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Preparation and modification of poly(methacrylic acid) and poly(acrylic acid) multilayers

MPG-Autoren
http://pubman.mpdl.mpg.de/cone/persons/resource/persons48415

Mengel,  C.
MPI for Polymer Research, Max Planck Society;

http://pubman.mpdl.mpg.de/cone/persons/resource/persons48424

Meyer,  Wolfgang H.
MPI for Polymer Research, Max Planck Society;

http://pubman.mpdl.mpg.de/cone/persons/resource/persons48973

Wegner,  Gerhard
MPI for Polymer Research, Max Planck Society;

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Zitation

Mengel, C., Esker, A. R., Meyer, W. H., & Wegner, G. (2002). Preparation and modification of poly(methacrylic acid) and poly(acrylic acid) multilayers. Langmuir, 18(16), 6365-6372.


Zitierlink: http://hdl.handle.net/11858/00-001M-0000-000F-6562-4
Zusammenfassung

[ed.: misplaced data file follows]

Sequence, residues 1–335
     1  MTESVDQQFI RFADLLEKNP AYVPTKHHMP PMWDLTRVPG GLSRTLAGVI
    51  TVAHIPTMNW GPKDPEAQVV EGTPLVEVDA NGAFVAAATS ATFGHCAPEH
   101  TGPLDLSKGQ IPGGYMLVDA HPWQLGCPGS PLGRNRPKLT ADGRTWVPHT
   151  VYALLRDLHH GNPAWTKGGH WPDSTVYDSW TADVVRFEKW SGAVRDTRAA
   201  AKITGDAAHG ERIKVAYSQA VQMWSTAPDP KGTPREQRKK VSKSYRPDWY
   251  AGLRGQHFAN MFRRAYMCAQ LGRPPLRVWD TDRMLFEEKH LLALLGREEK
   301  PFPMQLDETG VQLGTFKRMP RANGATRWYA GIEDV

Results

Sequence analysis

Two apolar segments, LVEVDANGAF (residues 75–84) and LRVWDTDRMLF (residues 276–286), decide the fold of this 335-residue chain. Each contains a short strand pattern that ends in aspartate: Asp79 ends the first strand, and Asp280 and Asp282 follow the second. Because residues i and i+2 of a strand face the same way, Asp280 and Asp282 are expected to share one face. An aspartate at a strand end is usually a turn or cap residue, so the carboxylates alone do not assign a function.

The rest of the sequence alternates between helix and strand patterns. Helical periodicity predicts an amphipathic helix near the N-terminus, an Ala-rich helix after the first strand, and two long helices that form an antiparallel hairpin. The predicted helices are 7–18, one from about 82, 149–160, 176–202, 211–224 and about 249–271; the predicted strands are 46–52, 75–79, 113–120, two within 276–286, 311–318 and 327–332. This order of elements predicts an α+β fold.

By employment of a strategy of post-transfer modification, precursor Langmuir-Blodgett (LB) films of poly(tert-butyl methacrylate) (PtBMA) and poly(tert-butylacrylate) (PtBA) can be converted to poly(methacrylic acid) (PMAA) and poly(acrylic acid) (PAA) through acid-catalyzed hydrolysis in the gas phase. X-ray reflectivity studies show that these films possess surface roughnesses and controllable thicknesses, which are consistent with the retention of the "two-dimensional" configuration of the precursor polymers at the air/water interface. On this basis, the PMAA and PAA films with presumable layered architecture can be obtained, even though PMAA and PAA are too hydrophilic to undergo direct LB- multilayer formation. A combination of infrared spectroscopy, contact angle measurements, and sorption experiments confirms the chemical transformation and increased hydrophilicity of the films. Using the same approach, gas-phase reactions with organic amines convert the reactive cartoxylic acid groups to their corresponding ammonium salts, thereby leading to the formation of polyelectrolyte LB films. When these films are heated to elevated temperatures, amide bonds are formed. The use of difunctional amines opens up the possibility to cross- link the PMAA or PAA films efficiently. Fourier transform infrared measurements and X-ray reflectivity studies clearly indicate the conversion from PtBMA or PtBA LB films to ultrathin, highly swellable network films.